Now back to what inspired this piece: Last month I had a serious circumstance, and between my best friend Joe Rinaudo and my best sister Roslyn (she’d be my best sister, I’m sure, if I had a dozen but she too is the one & only) they did something for me as a complete surprise, saving me from being homeless for the second time in my life. Immediately I thought of combining “Family & Friends” into one piece of art—to me they are often one and the same. My brothers & many friends & even a few clients have also helped me in need—tremendously. If I didn’t have to get this sent out right now I’d tell you about those Family & Friends experiences, too. Instead, I’ll come up with some new ideas to illustrate those episodes in future editions.


How this project began…and wouldn’t end

This Family & Friends piece encountered so many obstacles and morphed through so many changes I figured it’s the perfect example to explain how I create my AmperArt pieces. (more…)

#60 Precious & Adorable

C'mon, look at the camera!


Click to view full-size or download hi-rez image for gallery-quality printing and framing.
This is a high-resolution pdf & may take a few minutes to download.
Find printing tips & framing ideas here.

I had been wanting to feature animals, specifically pets, in an AmperArt piece for a long time.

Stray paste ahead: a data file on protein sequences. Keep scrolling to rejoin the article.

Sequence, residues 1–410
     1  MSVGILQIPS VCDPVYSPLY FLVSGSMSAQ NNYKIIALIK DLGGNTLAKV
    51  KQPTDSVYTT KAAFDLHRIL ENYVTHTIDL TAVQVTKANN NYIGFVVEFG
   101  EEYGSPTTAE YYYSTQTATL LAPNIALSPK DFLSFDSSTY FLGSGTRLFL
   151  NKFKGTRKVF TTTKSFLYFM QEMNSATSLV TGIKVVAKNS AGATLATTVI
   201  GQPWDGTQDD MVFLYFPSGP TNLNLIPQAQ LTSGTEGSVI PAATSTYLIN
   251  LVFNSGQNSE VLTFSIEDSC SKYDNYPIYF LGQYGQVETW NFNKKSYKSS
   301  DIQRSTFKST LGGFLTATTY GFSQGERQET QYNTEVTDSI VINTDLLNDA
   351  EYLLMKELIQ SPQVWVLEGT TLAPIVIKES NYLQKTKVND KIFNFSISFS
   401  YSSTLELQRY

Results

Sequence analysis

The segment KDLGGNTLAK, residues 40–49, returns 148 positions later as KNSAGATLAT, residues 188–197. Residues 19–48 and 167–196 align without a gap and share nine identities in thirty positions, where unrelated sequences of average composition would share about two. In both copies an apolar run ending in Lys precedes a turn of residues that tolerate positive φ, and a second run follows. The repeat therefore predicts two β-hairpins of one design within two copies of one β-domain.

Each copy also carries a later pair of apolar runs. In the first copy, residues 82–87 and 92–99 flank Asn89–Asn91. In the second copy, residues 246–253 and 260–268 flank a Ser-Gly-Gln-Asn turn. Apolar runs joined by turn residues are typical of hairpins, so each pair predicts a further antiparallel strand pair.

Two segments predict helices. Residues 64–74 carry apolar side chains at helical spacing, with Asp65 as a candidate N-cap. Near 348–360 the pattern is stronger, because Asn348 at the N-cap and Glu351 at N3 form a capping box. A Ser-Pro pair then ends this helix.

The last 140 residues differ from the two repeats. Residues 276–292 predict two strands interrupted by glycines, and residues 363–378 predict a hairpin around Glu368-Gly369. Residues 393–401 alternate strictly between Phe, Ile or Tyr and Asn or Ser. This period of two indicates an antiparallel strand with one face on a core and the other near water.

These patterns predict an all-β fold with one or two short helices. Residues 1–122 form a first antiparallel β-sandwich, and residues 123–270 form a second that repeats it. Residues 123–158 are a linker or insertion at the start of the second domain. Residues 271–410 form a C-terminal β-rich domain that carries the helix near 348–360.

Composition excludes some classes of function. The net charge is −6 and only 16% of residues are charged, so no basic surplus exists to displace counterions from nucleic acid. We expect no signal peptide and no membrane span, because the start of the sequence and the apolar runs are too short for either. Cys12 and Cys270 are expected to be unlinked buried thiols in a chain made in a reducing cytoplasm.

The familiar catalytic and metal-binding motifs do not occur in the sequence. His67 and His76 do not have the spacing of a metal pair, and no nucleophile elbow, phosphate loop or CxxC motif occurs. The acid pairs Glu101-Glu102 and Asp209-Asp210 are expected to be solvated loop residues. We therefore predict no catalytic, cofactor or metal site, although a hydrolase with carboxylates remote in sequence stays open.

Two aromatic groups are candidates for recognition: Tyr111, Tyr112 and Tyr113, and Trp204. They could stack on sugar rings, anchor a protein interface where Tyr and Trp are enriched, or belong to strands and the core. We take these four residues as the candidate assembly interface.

A special event inspired me to create what you see here.

A birthday party to help homeless animals

In Augsm_arvee_robinson_1ust I was invited to a “milestone” birthday party for my friend and professional speaking coach Arvee Robinson (that’s her, the pretty lady in the picture).

Arvee always does things with pizazz, flair and the most upbeat attitude. But what she did for her birthday took me by surprise, and really warmed my heart. Besides a grand party with fabulous food, dancing, and a magic show, Arvee themed it with dogs and cats to double as a fundraiser for H.O.P.E., a rescue and rehab for homeless animals. (More about H.O.P.E in a moment.) Arvee even had “doggie bags” which were full of swag for our pets. And she helped me select the breeds for this AmperArt piece–she once had a siamese and a pug.

Arvee Robinson is also the founder of the Christian Women Speakers Movement, where her goal is to help other speakers overcome the fear of “bringing God to more stages.” She asks,

“Are you afraid you might be unpopular if you bring God to the secular stage?” 

She once was, she says. Read about this special group at christianwomenspeakersmovement.com.


 Helping Our Pets Everyday

HOPEcalendarAt Arvee’s birthday party I had the honor of meeting Margaret Coffman, the founder of H.O.P.E.–Helping Our Pets Everyday. Isn’t that a wonderful phrase? I told her I would definitely spread the word about her very special foundation, where Margaret and volunteers have compassionately saved hundreds of precious animals from abandonment, starvation and death. She has cared for animals her entire life.

Please visit www.helpingoutpetseveryday.com to adopt, volunteer, donate, or just be charmed! Their 2015 calendar is available, shown in the picture.


Big pets, too

Just look at these amazing photos. Who says we can’t all get along? These pictures are on Ron Levy’s Inner Alignment Method website, where Ron shows how you can discover your life’s magnificence. I urge you to read about Ron’s enlightening exploration of life for over 50 years, in his blog.


 

Production notes:
Original size: 10×15 inches
Program: Photoshop
Fonts: Minion, Futura
Ampersand: Futura (modified)
Images:
Siamese: Bonzami Emmanuelle / 123rf.com
Pug: Copyright: Kitch Bain / 123rf.com